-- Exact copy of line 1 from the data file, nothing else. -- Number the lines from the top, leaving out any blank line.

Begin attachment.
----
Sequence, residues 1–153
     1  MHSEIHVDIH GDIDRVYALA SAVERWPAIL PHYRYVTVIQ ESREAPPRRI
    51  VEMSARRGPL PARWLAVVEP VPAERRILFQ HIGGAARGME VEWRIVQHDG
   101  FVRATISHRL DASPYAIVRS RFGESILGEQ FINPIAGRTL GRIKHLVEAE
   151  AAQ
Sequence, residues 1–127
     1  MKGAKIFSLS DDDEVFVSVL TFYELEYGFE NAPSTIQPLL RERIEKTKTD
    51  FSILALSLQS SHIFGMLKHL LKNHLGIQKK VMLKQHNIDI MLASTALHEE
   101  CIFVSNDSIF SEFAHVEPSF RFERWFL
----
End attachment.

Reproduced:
Sequence, residues 1–153